Testimony of Director Joel Mwesigwa

Born in 1980 during a civil war in Uganda, I was raised in an extended family, my parents separated when I was a baby so I was taken to my Grandparents to raise me.  Life was very hard growing up.  At home we lacked almost every basic need.

I was raised in a family which I may term as a “Christian pagan” family.  This means we could go to church on Christmas and Easter, but at home we had our shrines where worship to traditional gods was a daily activity and a must.  Practice with adoration, fear, and honor to the gods and the guardians.  There were many rituals and even sacrifices of animals were often done.

Growing up in such a life was so hard even to find a true God.  I thank God for His grace and mercy, in that He found me where I was lost.

When I was in school I heard a lot about God, but that was not something I went to school for, so I really hated people who shared the gospel.  My entire life I longed for wisdom, as I thought that with wisdom you can be every great thing/person you want to be. I wanted to read and seek knowledge to be wise.  One day I stumbled on an old bible with pages from Psalms to John.  I thought it was a great idea to have it and read even though I never believed in what it said.  On many occasions I said there was no God, that’s why the Gospel never gave any meaning to me.  Also the fact that the gods we served at home where so strict and always had to do with laws and physical punishments, which I suffered many times for not doing what is right.

The old bible opened with Psalms 14.  “The fool has said in his heart ‘there is no God’.”   In my interpretation with my search for wisdom this meant I was a fool, and all I wanted was to be wise.  So, I said “ok there is God”, but I never meant it, I only wanted to maintain that am not a fool.  There grew much conviction after I admitted that there was a God.

I chose to go to church to get to know more about God, who by doubting him makes a person a fool.  Yes indeed He found me to find Him.

I fell in Love with this new God and wanted to know more about him, I found out that serving him was easier than the one I was serving, and I also knew that he appreciates me serving him.  I dedicated myself to Christ and the bible teaching, becoming a youth leader and a pastor to new converts.  Then I went to the Bible College where I was offered a work study scholarship.  Despite facing many challenges during school, I graduated with a diploma in Christian Ministry.

After college I was on fire, I wanted to go back and be a pastor, or any leader in the church.   God had a different direction for me though, one which I never knew.  When I was young, like I said, life was so hard.  I left my Grandparent's home and went to live with my mom at age 13.  At home there were many of us, about 9 siblings, but my brother Joseph and I were very close and shared a lot together; he was a brother and a friend.  One day when we come back from school Joseph got sick and the next day he started telling me he couldn’t hear at all.  As children we tried our childish first aid, but he still couldn’t hear, and from that day Joseph was deaf.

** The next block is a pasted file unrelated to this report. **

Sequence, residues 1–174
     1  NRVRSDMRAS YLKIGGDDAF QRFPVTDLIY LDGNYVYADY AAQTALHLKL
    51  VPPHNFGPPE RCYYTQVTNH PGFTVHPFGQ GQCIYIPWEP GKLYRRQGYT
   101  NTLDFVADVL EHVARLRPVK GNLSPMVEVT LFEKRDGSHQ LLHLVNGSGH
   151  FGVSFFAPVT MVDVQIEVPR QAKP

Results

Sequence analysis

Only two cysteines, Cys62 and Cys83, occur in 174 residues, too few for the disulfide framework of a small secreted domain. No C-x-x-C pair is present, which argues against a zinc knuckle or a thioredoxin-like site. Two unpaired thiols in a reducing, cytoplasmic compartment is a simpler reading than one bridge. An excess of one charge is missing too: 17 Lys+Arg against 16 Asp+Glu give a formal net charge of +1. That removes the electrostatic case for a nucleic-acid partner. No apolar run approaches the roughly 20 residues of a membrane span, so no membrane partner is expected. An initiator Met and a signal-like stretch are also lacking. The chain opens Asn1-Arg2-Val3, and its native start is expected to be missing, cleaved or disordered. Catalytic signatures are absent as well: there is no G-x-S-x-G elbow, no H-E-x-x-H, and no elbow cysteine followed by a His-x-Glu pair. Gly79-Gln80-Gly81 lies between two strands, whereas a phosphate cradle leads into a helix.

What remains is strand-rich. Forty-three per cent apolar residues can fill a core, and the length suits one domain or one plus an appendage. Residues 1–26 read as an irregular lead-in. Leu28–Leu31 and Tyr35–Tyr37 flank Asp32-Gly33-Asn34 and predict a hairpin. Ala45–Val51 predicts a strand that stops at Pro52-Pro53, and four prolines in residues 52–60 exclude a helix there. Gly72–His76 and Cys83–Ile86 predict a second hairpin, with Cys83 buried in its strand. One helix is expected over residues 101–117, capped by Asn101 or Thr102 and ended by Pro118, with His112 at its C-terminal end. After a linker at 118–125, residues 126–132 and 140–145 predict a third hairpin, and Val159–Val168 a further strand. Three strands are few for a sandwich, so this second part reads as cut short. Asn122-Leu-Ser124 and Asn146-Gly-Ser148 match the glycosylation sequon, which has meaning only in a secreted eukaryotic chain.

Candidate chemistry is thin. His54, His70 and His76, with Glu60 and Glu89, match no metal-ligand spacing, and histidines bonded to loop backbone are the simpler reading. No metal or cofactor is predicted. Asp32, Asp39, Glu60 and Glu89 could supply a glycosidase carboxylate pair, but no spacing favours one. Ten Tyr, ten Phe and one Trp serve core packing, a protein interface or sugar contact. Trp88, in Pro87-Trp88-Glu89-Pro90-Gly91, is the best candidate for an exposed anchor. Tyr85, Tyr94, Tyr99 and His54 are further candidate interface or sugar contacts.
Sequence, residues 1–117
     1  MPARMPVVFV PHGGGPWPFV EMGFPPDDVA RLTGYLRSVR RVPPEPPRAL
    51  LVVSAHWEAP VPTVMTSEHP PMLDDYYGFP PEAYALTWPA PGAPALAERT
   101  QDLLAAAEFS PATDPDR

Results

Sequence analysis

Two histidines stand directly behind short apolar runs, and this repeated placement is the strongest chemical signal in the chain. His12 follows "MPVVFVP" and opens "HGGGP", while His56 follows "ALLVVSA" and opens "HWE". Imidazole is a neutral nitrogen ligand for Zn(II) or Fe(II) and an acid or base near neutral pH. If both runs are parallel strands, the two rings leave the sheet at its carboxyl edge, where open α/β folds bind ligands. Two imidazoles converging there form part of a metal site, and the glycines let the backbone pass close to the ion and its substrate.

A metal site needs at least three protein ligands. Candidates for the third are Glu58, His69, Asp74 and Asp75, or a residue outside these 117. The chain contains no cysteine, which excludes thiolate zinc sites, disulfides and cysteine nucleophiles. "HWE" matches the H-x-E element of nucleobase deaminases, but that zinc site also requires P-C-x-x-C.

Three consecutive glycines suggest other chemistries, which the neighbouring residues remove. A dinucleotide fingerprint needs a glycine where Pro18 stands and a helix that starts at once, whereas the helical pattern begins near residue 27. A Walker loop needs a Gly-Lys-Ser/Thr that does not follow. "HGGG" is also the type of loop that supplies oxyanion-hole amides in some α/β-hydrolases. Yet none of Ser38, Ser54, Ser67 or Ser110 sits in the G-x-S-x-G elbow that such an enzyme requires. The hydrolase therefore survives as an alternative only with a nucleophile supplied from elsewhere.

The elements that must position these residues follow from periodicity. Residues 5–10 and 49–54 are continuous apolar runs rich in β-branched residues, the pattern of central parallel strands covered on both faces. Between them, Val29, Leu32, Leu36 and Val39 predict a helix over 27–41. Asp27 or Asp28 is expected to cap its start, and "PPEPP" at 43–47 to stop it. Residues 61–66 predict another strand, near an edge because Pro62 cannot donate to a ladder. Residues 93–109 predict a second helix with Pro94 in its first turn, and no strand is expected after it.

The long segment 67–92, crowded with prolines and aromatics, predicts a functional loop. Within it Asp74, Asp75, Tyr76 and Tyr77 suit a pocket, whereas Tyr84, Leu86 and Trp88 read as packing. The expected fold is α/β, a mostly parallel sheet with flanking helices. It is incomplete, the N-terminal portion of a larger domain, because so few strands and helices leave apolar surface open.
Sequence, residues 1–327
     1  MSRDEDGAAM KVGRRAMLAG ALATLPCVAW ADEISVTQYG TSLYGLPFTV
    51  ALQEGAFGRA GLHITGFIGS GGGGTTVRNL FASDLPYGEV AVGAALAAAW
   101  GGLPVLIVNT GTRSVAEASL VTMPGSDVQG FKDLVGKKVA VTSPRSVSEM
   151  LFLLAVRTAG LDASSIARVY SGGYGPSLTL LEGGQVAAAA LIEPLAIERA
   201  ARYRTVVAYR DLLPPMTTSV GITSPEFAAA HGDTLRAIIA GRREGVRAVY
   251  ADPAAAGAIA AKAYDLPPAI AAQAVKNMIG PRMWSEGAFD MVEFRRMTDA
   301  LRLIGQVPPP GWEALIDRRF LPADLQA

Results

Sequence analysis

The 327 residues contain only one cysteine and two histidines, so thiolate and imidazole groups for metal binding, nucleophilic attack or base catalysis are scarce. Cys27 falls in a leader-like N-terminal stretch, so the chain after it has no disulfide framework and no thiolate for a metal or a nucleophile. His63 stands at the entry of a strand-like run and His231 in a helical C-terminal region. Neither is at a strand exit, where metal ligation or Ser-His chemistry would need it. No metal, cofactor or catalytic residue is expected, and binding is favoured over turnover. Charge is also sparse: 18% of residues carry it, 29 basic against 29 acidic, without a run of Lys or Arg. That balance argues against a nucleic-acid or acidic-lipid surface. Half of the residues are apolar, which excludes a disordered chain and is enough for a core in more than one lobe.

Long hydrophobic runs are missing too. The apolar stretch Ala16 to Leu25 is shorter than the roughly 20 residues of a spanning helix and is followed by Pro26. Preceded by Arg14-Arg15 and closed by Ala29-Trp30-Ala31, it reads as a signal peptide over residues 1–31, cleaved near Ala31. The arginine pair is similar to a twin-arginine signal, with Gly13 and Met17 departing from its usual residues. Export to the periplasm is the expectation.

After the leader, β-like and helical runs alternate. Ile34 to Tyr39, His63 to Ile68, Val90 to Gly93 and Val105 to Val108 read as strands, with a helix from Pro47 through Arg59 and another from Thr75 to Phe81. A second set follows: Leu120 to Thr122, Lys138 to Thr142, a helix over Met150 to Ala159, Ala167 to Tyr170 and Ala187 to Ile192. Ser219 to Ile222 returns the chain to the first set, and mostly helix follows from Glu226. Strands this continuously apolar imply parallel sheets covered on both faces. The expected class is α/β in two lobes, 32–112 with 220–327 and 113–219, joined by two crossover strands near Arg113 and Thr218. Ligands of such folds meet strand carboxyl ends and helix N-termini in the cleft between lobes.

In Uganda being deaf is in many ways seen as a curse, taboo, or a shame to the family.  A common name for the deaf in Uganda is “kasiru”, meaning a foolish one.  My family’s, like many other families, attitude towards Joseph changed.  He ceased to be that special child he was, school stopped, and one would care if he is home or not, I saw his life changing from bad to worse every day.  I learned many things about how deaf people are treated, to me he remained a friend but with a great barrier, no language and no communication.

When Joseph was about 20 years old he was beaten by people and was set on fire.  The reason for this is still unknown to me, and I grieved and felt very sad.  We got his ash and buried him.

After my college, I was on the cross road like a soldier waiting for deployment.  I never knew what God wanted me to do, it was about 8 years after Joseph’s death when God brought a fresh pain and conviction, about Joseph in my life.  I felt like there was something I could do to save him, all this was to wake me up, I left with that pain and conviction as if it had just happened.

At church I was a Sunday school teacher and I also trained teachers for Sunday school teaching, I loved children so much.  There was a deaf boy, Derrick, who always came to me.  If he got hurt while playing he would run straight to me, I saw myself as his only friend, he never wanted to leave my side.  I loved him and accepted him.  He knew a few other deaf boys and every Sunday he started to them bring to me.  There were now about four deaf children, I welcomed them, loved them, gave them candies, and hugs.  He looked for more deaf children, now there were seven and I felt God was telling “this is the ministry I give you.”  It was hard to take but I had the pain in my heart for Joseph and I thought they may end up like Joseph if I don’t obey and serve them.  I started seeing Joseph in each one of them and I loved serving them, even to this very moment.

I started meeting them under a tree shade in my friend’s compound.  We were meeting, having fun, learning some sign language together, and then we would go home.  After a while it became a school under the same tree.  We had been in a series of situations and levels, but we have became Boanerges Deaf Initiative (BDI), a registered charity in Uganda and America serving the Deaf people here.

As we say; Deaf people are rising above adversity.

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